Frank Bowmaker was a student at Portland Place between 2002-09. He holds a First Class Bachelor’s degree in history from the University of Bristol. He works in an account management role at Shelter, the UK homelessness charity.
What is your fondest memory of your time at Portland Place?
Doing a gig with my history teacher was definitely a highlight. I played in a signed Indie band that got signed by a record label and released some albums. I remember that when I was in upper sixth, we did a battle of the bands at school. My old history teacher, Aran Columbus, also played in a band and we closed the night together. That was hilarious.
We did a few different musical performances during my time at school. I once got a jazz band together with my music teacher at the time, Mr Eshref, in which I played bass. It was really fun. We did that at a music venue up the road from the school, called 229.
Who was your favourite teacher and why?
I had a couple: A history teacher called Ms Lisa Hunt, whom I ended up and going on and doing history at university as a direct result of. It was the style of their teaching that got me into history. You are a blank slate when deciding what to study and it depends a lot on who your teachers are as to what you want to do at university. We were given a lot of freedom to be creative at our essay writing and coming up with arguments. We had a good class, we all got on well. Ms Hunt could command the classroom without being stern. She got to know you on a personal level. She inspired me to result of her teaching. She was amazing, my best A-Level teacher for sure.
I should also mention Ms Stringle, my art teacher. At one point, I was going to potentially go to art school, inspired by her.
How did you end up in your current career?
To be honest it happened naturally. I studied history at the University of Bristol and got a First, which was good. And in the summer between my second and third years I did an internship for a charity in London, called Hands On London. My role was to liaise with corporates and set up partnerships with local charities. They offered me a job when I graduated. I’m now a Trustee there. I kind of just stayed in that field. In November, I moved to Shelter (a homelessness charity), working in an account management role. You could say I fell into something that I enjoy.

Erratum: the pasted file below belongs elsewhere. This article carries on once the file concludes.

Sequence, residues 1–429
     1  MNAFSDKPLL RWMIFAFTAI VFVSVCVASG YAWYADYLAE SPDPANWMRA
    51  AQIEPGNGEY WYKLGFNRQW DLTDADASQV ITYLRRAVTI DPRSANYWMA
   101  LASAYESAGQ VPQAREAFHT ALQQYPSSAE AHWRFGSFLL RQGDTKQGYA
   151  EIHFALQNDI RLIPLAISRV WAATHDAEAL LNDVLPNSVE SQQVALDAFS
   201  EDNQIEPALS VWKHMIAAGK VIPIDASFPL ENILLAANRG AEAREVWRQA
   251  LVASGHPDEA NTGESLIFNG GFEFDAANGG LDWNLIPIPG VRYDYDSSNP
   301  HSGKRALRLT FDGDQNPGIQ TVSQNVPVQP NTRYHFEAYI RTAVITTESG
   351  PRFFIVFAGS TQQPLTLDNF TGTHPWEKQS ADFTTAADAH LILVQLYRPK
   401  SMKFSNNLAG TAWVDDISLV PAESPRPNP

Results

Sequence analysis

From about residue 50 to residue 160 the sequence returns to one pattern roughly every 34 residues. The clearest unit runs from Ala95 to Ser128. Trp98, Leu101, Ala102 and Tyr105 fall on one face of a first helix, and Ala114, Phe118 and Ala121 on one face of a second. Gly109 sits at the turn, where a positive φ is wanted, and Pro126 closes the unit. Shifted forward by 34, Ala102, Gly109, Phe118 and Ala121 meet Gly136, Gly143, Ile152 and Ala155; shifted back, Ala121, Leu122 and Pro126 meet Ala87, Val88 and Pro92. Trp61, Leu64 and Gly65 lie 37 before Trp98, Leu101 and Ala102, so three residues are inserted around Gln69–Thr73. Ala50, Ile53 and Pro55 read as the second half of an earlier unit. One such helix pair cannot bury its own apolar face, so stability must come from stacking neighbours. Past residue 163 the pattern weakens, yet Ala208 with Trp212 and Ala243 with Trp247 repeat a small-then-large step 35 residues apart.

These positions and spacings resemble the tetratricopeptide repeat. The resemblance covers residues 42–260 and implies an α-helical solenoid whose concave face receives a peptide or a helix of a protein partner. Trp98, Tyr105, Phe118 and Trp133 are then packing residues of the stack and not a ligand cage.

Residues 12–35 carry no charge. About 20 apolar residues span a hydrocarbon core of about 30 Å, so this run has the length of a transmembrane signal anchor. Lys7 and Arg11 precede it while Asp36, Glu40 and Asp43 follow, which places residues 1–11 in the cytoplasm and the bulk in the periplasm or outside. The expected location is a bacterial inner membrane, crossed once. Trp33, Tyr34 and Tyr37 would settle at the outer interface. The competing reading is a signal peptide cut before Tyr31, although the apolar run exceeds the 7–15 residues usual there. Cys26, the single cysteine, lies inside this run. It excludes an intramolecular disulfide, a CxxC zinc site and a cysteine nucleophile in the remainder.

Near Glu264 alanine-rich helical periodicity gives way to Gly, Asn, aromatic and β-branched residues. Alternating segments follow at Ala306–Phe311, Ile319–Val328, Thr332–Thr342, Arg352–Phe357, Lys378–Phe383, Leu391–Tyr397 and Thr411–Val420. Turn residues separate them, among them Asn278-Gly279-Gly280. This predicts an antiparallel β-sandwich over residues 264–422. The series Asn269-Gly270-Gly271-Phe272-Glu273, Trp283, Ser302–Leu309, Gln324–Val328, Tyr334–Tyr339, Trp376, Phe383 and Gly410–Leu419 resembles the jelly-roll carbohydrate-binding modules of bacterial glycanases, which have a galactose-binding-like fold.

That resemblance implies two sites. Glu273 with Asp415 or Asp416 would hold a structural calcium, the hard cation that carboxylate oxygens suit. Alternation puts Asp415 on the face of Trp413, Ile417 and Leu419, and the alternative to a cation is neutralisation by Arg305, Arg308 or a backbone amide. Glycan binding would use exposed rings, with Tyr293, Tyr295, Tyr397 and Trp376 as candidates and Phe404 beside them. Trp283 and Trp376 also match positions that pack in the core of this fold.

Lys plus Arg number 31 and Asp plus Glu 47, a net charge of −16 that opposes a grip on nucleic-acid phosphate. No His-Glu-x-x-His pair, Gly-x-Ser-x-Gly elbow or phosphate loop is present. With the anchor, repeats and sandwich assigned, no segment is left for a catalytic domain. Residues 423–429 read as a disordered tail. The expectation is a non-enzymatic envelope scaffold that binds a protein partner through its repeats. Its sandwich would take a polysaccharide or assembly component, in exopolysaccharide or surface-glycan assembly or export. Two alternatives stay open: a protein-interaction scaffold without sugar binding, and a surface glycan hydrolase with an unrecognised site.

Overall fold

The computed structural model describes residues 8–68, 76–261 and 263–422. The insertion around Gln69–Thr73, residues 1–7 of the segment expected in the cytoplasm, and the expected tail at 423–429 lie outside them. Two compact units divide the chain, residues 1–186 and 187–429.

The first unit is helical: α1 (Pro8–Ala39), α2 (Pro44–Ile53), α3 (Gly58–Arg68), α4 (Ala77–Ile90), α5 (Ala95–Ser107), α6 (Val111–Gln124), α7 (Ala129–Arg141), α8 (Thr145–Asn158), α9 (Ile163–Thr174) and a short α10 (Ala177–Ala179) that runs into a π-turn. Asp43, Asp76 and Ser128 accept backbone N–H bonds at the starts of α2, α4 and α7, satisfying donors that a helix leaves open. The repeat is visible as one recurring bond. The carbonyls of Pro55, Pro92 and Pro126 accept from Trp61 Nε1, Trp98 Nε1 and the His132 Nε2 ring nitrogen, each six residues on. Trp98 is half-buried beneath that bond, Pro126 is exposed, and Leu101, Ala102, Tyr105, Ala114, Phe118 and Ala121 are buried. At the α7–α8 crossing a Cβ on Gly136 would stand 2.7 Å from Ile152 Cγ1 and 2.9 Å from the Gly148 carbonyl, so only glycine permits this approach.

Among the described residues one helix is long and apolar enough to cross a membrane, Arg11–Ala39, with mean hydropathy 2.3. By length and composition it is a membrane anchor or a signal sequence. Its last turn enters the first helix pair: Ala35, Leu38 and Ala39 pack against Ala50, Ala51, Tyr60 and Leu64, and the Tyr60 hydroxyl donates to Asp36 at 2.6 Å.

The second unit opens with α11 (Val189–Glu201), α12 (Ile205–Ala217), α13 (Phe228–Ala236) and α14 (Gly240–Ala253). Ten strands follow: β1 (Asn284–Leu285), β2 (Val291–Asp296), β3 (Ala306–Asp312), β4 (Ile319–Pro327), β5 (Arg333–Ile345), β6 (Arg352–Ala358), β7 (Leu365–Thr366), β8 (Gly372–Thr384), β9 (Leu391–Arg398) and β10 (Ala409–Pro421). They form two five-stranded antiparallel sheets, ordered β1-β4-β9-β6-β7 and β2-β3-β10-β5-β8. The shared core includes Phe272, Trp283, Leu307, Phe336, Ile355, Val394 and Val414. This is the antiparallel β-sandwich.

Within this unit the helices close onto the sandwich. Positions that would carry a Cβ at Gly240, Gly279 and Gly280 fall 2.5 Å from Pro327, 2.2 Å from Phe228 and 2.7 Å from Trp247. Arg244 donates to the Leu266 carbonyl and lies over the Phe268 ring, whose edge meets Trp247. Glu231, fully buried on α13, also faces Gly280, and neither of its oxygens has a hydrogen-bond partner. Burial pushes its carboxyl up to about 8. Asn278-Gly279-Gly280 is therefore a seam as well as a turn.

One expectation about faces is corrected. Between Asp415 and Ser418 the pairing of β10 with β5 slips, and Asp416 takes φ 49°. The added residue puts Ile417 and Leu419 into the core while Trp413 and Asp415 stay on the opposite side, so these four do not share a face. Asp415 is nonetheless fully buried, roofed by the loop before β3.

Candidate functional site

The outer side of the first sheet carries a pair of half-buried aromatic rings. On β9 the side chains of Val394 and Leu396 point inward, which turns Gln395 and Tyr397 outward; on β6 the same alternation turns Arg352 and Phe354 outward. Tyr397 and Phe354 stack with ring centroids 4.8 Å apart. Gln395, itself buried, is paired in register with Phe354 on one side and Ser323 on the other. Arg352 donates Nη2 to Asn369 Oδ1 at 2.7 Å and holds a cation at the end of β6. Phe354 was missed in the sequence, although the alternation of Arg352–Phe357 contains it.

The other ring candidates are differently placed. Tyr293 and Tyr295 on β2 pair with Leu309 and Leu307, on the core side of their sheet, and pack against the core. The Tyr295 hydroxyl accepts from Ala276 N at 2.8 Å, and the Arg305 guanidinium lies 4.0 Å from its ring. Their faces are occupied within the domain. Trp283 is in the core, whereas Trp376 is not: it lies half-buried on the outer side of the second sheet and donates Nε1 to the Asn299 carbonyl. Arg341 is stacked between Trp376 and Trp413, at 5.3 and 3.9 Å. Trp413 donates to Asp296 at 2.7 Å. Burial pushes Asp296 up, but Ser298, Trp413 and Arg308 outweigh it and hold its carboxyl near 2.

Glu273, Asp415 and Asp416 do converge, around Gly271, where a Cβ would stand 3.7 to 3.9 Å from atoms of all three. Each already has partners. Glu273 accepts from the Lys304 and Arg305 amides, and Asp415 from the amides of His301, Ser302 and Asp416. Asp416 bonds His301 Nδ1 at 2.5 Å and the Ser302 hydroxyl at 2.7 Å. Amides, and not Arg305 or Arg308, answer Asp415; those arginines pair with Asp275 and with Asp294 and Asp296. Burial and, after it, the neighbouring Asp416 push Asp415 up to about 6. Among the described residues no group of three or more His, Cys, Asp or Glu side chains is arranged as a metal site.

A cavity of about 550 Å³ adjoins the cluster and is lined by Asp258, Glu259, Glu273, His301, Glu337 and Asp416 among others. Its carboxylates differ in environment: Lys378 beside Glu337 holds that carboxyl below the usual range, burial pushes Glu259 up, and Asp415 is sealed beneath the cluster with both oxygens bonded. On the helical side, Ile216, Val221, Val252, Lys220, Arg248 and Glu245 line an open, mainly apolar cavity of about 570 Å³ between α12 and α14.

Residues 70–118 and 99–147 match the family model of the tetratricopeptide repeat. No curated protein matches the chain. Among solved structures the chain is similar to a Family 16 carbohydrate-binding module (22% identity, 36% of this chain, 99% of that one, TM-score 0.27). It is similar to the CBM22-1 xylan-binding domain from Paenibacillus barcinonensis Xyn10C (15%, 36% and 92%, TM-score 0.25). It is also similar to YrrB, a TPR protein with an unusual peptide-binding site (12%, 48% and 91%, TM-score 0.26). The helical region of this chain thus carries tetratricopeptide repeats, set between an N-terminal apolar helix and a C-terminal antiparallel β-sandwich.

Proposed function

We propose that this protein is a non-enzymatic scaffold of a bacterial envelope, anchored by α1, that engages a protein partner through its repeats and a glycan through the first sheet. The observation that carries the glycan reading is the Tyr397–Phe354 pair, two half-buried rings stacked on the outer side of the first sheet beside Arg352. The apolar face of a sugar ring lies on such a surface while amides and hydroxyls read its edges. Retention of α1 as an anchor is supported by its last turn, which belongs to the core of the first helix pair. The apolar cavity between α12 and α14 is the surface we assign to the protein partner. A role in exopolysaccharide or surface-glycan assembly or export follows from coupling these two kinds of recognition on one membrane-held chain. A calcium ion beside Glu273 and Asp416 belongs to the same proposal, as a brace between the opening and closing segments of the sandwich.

What’s the best part of your job?
The moment when I work out a good match between a big company that can offer lots of skills, resources and money, with the charity I am representing. When you get the good news, that’s the best part.
What were your expectations of work while at school and how do they compare to the reality?
When you’re at school you’ve got very little idea of what the working world is like. It’s very different to what you image in your head. I did some work experience while at school with Time Out London. I imagined it would be a lot easier than it was.
A lot of the things that you learn about at school aren’t directly relevant to what you end up doing at work. It’s all about transferable skills. Now that I am older I can recognise things like writing essays, critical thinking, and being persuasive and articulate — that’s all relevant to work. You all learn all of that at school.
What career advice do you have for Portland Place students?
At an early stage in your career, say Yes to things. Don’t close doors because you’re unsure about things or if you think it’s not the perfect path to follow. Be a Yes man. Give opportunities a go. If it doesn’t work out, that’s OK. But it might work out to be the thing you’ve always wanted to do, but wasn’t aware of. That has gotten me quite far, just being open and willing to commit to the things that life throws at you. Networking and contacts are also massively important. The more people you know, the further you go.
We're delighted to announce that Freya Glenn in Year 12 has been called up to represent the Scotland National U17 Football Team in a series of challenge matches in Iceland.
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